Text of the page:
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Edward Elgar: An Outsider Triumphs

Things sometimes work out in a strange way. Sir Edward Elgar — composer of the graduation standard “Pomp and Circumstance” — is celebrated as the most English of English composers. The reality, at least in Elgar’s mind, was somewhat different:

Although Elgar is often regarded as a typically English composer, most of his musical influences were not from England but from continental Europe. He felt himself to be an outsider, not only musically, but socially. In musical circles dominated by academics, he was a self-taught composer; in Protestant Britain, his Roman Catholicism was regarded with suspicion in some quarters; and in the class-conscious society of Victorian and Edwardian Britain, he was acutely sensitive about his humble origins even after he achieved recognition. He nevertheless married the daughter of a senior British army officer. She inspired him both musically and socially, but he struggled to achieve success until his forties, when after a series of moderately successful works his Enigma Variations (1899) became immediately popular in Britain and overseas.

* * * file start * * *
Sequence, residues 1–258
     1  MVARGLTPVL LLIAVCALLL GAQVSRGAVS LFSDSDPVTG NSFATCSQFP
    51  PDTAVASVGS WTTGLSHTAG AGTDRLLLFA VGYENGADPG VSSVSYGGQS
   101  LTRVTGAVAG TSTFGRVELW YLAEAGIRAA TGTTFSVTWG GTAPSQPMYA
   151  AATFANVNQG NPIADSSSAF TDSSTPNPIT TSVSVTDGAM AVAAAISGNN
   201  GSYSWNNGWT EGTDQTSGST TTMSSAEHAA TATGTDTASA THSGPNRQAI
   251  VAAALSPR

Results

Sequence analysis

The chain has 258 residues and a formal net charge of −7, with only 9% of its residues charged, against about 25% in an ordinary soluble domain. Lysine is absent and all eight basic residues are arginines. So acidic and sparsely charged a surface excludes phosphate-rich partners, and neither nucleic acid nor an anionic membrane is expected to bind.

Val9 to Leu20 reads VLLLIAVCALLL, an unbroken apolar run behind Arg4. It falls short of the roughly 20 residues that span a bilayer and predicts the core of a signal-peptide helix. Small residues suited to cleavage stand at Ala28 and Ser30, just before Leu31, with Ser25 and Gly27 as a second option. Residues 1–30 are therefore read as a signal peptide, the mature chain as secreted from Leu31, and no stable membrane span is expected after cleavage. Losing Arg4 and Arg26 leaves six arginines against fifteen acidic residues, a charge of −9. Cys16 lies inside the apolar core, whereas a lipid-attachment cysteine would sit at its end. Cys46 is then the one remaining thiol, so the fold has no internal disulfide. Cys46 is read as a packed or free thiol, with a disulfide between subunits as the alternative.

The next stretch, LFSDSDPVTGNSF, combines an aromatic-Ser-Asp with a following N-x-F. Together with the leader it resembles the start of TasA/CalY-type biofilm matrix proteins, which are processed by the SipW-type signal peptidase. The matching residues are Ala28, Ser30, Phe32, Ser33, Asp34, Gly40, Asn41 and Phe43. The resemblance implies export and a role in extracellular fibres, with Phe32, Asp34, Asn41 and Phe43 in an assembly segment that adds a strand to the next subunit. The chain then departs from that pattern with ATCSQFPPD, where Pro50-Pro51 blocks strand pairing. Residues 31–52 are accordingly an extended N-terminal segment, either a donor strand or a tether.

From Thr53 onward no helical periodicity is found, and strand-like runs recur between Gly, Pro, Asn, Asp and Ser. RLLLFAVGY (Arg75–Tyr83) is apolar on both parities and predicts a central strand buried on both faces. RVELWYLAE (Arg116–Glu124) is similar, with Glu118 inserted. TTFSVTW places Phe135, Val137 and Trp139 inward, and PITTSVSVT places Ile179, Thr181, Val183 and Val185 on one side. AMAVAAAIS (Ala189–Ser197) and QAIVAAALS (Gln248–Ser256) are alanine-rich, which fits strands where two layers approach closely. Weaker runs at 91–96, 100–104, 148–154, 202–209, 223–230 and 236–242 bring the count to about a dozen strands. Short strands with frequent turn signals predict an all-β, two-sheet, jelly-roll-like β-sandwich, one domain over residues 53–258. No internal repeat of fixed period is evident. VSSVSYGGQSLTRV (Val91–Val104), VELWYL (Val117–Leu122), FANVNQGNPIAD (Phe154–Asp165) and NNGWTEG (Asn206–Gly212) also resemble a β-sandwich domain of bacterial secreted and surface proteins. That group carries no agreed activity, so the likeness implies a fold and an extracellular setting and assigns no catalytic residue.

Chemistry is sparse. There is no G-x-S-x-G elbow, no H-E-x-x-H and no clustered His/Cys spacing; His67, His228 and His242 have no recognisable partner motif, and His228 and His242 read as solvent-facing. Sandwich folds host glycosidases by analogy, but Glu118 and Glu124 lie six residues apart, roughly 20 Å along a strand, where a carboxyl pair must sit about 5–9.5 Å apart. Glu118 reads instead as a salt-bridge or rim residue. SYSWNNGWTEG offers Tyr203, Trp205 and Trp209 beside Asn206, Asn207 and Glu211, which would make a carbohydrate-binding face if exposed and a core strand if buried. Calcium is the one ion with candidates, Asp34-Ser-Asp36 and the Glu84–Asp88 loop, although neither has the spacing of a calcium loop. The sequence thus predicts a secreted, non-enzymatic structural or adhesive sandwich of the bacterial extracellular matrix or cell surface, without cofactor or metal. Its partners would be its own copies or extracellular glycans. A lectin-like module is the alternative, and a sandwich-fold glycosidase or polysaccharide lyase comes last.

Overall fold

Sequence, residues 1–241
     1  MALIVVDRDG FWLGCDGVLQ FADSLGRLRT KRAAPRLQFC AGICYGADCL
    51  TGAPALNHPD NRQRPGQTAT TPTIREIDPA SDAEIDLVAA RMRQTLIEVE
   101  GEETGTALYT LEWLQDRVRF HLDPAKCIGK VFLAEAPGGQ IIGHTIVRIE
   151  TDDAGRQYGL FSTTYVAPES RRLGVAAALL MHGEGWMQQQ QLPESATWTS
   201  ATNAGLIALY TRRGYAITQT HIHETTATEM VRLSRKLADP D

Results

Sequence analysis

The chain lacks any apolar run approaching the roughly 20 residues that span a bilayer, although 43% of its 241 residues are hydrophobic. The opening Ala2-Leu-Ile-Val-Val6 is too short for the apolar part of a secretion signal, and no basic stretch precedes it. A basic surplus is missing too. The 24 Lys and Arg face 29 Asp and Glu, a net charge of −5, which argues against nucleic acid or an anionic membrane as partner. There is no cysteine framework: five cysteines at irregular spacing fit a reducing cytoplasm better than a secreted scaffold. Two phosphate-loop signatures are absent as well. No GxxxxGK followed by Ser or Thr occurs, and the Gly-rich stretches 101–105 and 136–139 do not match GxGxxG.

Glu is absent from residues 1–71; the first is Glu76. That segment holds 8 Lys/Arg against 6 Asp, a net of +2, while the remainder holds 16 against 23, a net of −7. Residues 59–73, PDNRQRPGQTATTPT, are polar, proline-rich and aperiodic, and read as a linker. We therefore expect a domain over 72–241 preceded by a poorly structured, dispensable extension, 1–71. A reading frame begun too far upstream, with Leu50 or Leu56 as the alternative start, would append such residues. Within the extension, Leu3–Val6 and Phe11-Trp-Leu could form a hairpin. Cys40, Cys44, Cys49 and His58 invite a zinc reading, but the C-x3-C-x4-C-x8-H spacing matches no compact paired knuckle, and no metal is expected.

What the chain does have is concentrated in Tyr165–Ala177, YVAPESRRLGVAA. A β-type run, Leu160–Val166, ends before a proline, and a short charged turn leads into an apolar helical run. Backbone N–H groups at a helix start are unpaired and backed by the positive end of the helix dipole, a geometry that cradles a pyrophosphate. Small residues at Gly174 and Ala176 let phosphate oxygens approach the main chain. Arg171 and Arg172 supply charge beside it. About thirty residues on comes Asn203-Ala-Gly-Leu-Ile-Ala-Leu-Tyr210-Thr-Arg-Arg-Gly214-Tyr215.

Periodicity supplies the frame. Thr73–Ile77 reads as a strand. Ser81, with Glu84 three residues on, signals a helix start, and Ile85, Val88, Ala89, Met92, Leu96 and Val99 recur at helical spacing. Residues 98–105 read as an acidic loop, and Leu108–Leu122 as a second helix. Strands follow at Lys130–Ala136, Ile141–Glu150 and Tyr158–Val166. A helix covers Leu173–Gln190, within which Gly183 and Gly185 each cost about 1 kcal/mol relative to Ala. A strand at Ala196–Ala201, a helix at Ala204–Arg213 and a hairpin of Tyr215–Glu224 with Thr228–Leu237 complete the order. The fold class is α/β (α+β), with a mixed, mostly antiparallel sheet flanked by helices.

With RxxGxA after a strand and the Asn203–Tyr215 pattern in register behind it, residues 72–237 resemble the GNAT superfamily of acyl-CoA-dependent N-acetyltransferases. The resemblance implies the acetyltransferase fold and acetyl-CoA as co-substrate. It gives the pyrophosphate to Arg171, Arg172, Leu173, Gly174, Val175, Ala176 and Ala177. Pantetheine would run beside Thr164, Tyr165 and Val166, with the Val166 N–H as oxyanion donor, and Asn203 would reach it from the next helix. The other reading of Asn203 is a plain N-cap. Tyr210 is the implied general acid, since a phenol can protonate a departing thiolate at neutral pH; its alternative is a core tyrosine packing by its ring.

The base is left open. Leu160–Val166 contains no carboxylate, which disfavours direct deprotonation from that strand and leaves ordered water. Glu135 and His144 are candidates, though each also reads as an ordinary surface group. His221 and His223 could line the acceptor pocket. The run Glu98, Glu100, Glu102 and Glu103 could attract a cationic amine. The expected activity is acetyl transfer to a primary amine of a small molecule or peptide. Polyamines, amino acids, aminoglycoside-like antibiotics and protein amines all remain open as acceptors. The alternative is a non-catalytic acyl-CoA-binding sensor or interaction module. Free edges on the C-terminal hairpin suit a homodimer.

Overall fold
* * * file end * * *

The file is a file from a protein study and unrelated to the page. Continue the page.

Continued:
The graduation march is in”Land of Hope and Glory,” which is the first of a series of “Pomp and Circumstance Military Marches.” It starts about two minutes into the piece above. It’s funny to see the over-the-top English patriotism on display in light of Elgar’s ambivalence. The video was shot at “The Last Night of the Proms.” The Proms is an  eight-week series of events held annually in England, mostly at the Royal Albert Hall. It’s formal name is The Henry Wood Promenade Concerts presented by the BBC.

Elgar was born on June 2, 1857 in Broadheath in the English West Midlands. His father tuned pianos and owned a music shop, which most certainly was much to his advantage. The bio makes reference to the same prejudice as the Wikipedia entry. He learned violin and played organ at a Roman Catholic Church in Worcester.

Elgar’s breakthrough piece was “Variations on an Original Theme (Enigma),” which was published in 1899. The “All About Elgar” profile says that the piece demonstrated that he “had surpassed the other leading English composers of his day, both in technical accomplishment and sheer force of musical personality.”

The first two of the “Pomp and Circumstance Marches” – the first proved to be the most famous – came in 1901. Elgar died in 1934.

Below is “Nimrod,” from the “Enigma Variations.”

Wikipedia entries on the Edward Elgar, the Pomp and Circumstance Marches and The Proms and from All About Elgar were used for this post.